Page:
On the second half of the evening, another astonishing musical farewell was heard. Anton Bruckner spent the last nine years of his life writing his Ninth Symphony (1887-1896), the epitome of his symphonic output. Interrupted by various illnesses, as well as revisions of his earlier scores, composing of the Ninth turned into a prolonged race against deteriorating health, culminating in Bruckner’s death in the fall of 1896, at the age of seventy-two.
Upon the composer’s death, the first three movements were finished in full score, as was the most of the finale. Lacking a coda, the finale manuscript lay on Bruckner’s desk, as his friends took pages from it as souvenirs, while paying their last visits to the deceased composer.
Though a painstakingly completed performing version of the finale is now finally available, championed by Sir Simon Rattle and Daniel Harding, among others, the symphony is still most often performed in its three-movement guise. While a compelling performance can be based on either of these editions, the inner drama of the three-movement version has its indisputable charm.
Concluding with Bruckner’s most staggeringly original Adagio, the three-movement symphony bears transcending definitiveness, as demonstated, once again, by tonight’s performance.
In its three-movement form, the Ninth Symphony contains two vast symphonic canvases, separated by a demonic scherzo, balanced by a sweeping trio. There is splendid symmetry found in this architectural layout, yielding to a satisfying whole.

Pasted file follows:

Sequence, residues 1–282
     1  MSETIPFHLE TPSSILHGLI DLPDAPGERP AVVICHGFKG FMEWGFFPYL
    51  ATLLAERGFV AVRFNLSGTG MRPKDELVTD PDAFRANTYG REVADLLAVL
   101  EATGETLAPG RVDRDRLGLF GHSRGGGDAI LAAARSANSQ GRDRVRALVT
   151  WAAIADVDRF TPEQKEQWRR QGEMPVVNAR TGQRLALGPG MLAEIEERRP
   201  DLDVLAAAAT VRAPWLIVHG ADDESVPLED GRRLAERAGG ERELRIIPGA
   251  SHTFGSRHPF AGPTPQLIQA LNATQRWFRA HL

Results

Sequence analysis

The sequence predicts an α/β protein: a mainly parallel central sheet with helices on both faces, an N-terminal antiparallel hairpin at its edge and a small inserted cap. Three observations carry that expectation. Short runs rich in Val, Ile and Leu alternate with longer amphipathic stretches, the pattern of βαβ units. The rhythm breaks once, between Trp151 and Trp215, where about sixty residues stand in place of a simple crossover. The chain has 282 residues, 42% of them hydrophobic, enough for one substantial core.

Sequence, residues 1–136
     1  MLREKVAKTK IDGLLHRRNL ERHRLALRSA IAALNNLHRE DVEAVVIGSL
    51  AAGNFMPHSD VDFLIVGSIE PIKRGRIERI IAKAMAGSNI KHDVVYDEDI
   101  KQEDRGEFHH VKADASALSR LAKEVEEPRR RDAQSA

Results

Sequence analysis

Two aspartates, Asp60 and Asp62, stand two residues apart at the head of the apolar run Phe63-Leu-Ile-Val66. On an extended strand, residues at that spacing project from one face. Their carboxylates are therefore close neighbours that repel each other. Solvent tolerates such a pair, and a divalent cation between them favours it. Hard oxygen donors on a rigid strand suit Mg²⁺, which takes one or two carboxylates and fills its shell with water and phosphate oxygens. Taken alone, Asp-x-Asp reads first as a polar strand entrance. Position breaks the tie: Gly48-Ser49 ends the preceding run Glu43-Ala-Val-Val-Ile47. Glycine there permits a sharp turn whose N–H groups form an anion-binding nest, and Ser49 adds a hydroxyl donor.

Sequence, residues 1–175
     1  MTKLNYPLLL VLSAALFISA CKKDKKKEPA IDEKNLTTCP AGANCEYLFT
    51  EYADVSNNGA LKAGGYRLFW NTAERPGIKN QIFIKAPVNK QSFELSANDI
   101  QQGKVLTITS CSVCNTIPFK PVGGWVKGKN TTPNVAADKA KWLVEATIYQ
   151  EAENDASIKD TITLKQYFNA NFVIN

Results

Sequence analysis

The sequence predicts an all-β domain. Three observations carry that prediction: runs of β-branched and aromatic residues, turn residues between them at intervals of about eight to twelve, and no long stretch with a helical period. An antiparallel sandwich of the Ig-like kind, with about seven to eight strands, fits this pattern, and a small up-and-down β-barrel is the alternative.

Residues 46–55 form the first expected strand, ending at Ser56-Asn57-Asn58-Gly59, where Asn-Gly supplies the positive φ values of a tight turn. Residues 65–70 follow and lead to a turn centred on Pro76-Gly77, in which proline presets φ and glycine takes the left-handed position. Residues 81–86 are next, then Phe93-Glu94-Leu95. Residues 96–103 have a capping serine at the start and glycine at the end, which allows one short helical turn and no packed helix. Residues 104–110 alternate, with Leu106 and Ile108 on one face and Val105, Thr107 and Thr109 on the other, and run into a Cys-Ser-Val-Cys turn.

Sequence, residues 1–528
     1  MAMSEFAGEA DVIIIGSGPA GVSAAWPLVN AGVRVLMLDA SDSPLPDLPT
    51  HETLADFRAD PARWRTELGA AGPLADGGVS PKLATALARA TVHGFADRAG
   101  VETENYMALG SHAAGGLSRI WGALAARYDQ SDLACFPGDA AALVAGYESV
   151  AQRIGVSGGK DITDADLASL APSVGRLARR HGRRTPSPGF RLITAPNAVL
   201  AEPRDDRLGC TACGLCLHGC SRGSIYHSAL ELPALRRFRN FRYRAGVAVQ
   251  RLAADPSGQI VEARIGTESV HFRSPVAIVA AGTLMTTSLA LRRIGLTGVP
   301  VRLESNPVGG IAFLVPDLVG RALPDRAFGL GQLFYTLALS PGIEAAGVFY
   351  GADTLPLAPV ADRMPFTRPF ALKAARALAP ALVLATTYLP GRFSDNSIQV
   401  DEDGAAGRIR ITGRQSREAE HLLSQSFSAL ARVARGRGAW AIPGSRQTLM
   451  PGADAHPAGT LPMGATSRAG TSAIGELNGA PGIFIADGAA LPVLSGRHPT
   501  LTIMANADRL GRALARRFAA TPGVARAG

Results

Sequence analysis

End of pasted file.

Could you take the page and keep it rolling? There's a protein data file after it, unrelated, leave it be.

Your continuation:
The opening movemet grows into an extended sonata arc, based on three theme groups, providing seemingly endless flow of musical material, developed with the full extent of Bruckner’s symphonic logic and imagination. Marked Feierlich, misterioso, the first movement is an awe-inspiring journey into a world of stark contrasts, clad in sonic and harmonic extremes.
As always with Bruckner’s cyclical development of his musical material, pacing and balancing are of utmost importance. With Lintu, the first movement was well architectured, without compromising the often tumultuous clashes of musical material. The FRSO performed with wonderful clarity, resulting in marvellously trasparent textures.
In the fierce scherzo, Lintu’s tempi were absolutely spot on, enhancing the sonic menace inherent in the music. With agile strings, mighty brass and luminous winds, not forgetting the ever-important timpani, the music was clad in gorgeous orchestral guise. Balanced by the dexterously swift trio, the second movement was a rivetingly intense experience.
The adagio opens with a surge into the depth of orchestral colour, provided by the solemn brass and soaring strings, with delicate nuances from the winds. Here, Bruckner employs the constantly transforming combination of four horns and four Wagner tubas to a stunning effect.
The music builds up to thrilling climaxes, with antiphonal passages for the horns and wagner tubas, in dialogue with trumpets, trombones and the bass tuba. Following each climax, the music breaks down into frail, chamber-like textures. Each time, new momentum is gained, until the mounting tension bursts into a shatteringly dissonant brass chord.
Concluding with a transcending coda, the music finally reaches resolution, and lands on a sustained brass chord, accompanied by a string pizzicato. The ensuing silenece is an entity of its own.
Performed with refined musicality by Lintu and the orchestra, the adagio was a luminous journey into the farthest reaches of the Bruckner realm. An apt closing for the evening and for the orchestra’s fabulous autumn season. A fulfillment.
Finnish Radio Symphony Orchestra
Hannu Lintu, conductor
Gerald Finley, baritone
Peter Lieberson: Songs of Love and Sorrow (2007-10)
Anton Bruckner: Symphony No. 9 in D minor, WAB 109 (1887-1806)
Music Centre, Helsinki
Wednesday 11 December 2019, 7 pm
© Jari Kallio